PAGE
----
BAFTA will still allow Netflix and Amazon to compete for awards
James R | On 08, Aug 2019
Netflix, Amazon Prime Video and other streaming services will still be able to compete for BAFTA awards, the British Academy has ruled.
The organisation has come under fire in the past year from cinemas including Vue and Cineworld, which complained that Roma’s awards success was unfair, with Vue’s CEO labelling Alfonso Cuaron’s movie as “made for TV”, saying it was only given a token cinema release by Netflix to qualify for prizes. Cineworld, meanwhile, withdrew its support of the Academy in the wake of Roma’s wins, so that members of BAFTA are no longer be able to use their BAFTA card to obtain free screenings at the company’s cinemas.
Yesterday, BAFTA announced its annual review of its awards and said that its eligibility criteria would remain the same: films are eligible if they have been theatrically exhibited publicly to a paying audience on at least 10 commercial screens in the UK for at least seven days in aggregate.
“It is the intention that all films are entered within the spirit of the rules and not purely to qualify for the Awards. Therefore, the Film Committee, as the final arbiter on what qualifies, is working towards ensuring that entrants respect industry norms,” added BAFTA, “so films are released more broadly and across a wide geographical area, are scheduled at conventional cinema times, are not four-walled, and would encourage that admission figures are shared.”
Amanda Berry OBE, CEO at BAFTA, said “BAFTA is committed to ensuring that the British public has the opportunity to see the widest possible range of films in cinema. In 2016 BAFTA increased the minimum requirements for theatrical release and following a robust consultation period this year we are confident that our rules remain fit for purpose and continue to allow for the breadth of films from mainstream to indies to be eligible”.
As in previous years, all nominated titles must have a theatrical release by the Friday prior to the Film Awards (Friday 31st January in 2020), ensuring the UK public has an opportunity to see films before the ceremony. However, following industry consultation, BAFTA will also be trialling an extended eligibility window for Films Not in the English Language. These films must be released by Friday 28th February in 2020, allowing distributors and exhibitors additional time to find a release window the films deserve and therefore giving the public more opportunity to see them.
BAFTA isn’t keeping everything the same, though: the Academy also announced that it will introduce a new Casting award for the 2020 ceremony. The first new category since Outstanding Debut was presented in 1999, it will recognise achievements in the craft of casting and its importance in film-making. A Casting award will also be introduced to the British Academy Television Craft Awards in 2020, marking the first time BAFTA has simultaneously introduced a category.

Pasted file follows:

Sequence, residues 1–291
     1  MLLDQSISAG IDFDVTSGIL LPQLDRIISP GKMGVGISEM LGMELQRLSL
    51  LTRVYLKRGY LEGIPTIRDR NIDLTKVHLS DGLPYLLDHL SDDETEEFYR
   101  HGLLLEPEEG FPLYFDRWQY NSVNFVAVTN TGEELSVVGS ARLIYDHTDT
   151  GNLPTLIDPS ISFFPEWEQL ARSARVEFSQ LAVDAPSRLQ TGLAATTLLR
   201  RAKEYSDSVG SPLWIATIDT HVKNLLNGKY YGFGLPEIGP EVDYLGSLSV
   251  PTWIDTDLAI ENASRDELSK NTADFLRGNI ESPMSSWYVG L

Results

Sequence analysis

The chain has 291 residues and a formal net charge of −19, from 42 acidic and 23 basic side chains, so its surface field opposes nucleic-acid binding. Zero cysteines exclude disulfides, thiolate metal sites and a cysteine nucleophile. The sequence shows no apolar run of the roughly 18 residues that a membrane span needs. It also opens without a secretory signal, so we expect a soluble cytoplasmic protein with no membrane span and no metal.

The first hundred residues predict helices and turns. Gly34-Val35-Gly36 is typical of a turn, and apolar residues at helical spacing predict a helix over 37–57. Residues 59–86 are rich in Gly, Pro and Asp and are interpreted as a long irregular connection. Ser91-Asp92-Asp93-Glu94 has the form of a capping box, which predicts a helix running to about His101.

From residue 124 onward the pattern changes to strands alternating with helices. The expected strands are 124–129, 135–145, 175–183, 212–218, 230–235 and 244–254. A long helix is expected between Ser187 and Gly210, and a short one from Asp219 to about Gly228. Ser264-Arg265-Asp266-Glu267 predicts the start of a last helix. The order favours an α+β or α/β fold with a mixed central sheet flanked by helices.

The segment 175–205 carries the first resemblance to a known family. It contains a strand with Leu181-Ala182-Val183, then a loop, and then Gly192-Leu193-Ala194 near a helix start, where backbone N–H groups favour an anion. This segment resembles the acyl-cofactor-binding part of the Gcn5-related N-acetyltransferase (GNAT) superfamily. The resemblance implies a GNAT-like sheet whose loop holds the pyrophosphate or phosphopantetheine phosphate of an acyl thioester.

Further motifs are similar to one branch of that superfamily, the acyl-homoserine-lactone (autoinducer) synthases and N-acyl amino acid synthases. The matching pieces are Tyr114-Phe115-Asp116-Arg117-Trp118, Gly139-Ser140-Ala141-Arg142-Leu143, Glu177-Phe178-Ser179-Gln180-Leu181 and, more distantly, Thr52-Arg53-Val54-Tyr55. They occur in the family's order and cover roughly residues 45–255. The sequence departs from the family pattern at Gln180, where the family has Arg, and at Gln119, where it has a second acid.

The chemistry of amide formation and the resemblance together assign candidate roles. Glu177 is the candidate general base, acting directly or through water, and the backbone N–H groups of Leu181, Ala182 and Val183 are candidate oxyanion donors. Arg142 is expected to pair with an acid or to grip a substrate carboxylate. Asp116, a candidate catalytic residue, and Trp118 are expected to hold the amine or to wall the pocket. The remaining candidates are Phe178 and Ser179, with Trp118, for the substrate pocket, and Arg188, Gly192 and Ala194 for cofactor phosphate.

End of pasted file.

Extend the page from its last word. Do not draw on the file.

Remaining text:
BAFTA also announced that the Original Music category is to be renamed Original Score, underlining a focus on composer and score, and “acknowledging the integral part they play in contributing to the narrative, atmosphere and emotional landscape of a film”.
The BAFTA Film Awards will take place at the Royal Albert Hall on Sunday 2nd February 2020. Nominees will be announced on 7th January 2020.
Cineworld withdraws BAFTA support following Roma win
1st January 2019
Cineworld has officially withdrawn its support of BAFTA, following the success of Roma at the British Academy’s awards last month.
BAFTA drew criticism from the multiplex chain Vue last week over the Academy’s decision to allow the Netflix film to compete in the awards. The movie, which was released in Curzon cinemas and other independent venues in Scotland and Ireland, was not carried by any of the major cinema chains, because of Netflix’s release of films online either day-and-date or within the traditional 16-week window reserved for cinemas. Nonetheless, Roma went on to win Best Picture and several other awards, prompting ire from bigger cinema companies.
Vue CEO Tim Richards called Roma a “made for TV” film that audiences were unable to see on the big screen, because the Curzon release was a “token effort” to qualify for awards contention. Richards threatened to withdraw Vue’s support of BAFTA unless the organisation changed its eligibility criteria for awards. Now, Cineworld has gone one step further, with BAFTA film committee chairman Marc Samuelson revealing that the company has withdrawn its support over “concerns regarding the eligibility requirements of the Film Awards”. The letter to members, which is quoted by Variety, described it as an “unilateral decision”.
Curzon’s CEO, Philip Knatchbull, has previously responded to the debate, calling for consumer choice to be prioritised and emphasising the success it has found in releasing its films both in cinemas and on its own VOD platform.
“At Curzon, we have have been releasing our own films simultaneously in cinemas and on our own streaming service Curzon Home Cinema for almost a decade (a period which has seen us release 11 BAFTA winners),” said Knatchbull. “It was a strategy born partly from the unreliable and fragmentary support we were receiving from some of the larger cinema operators. By releasing simultaneously on Curzon Home Cinema we can ensure that everyone in the country has access to our films whatever the commercial imperatives of multiplex bookers.”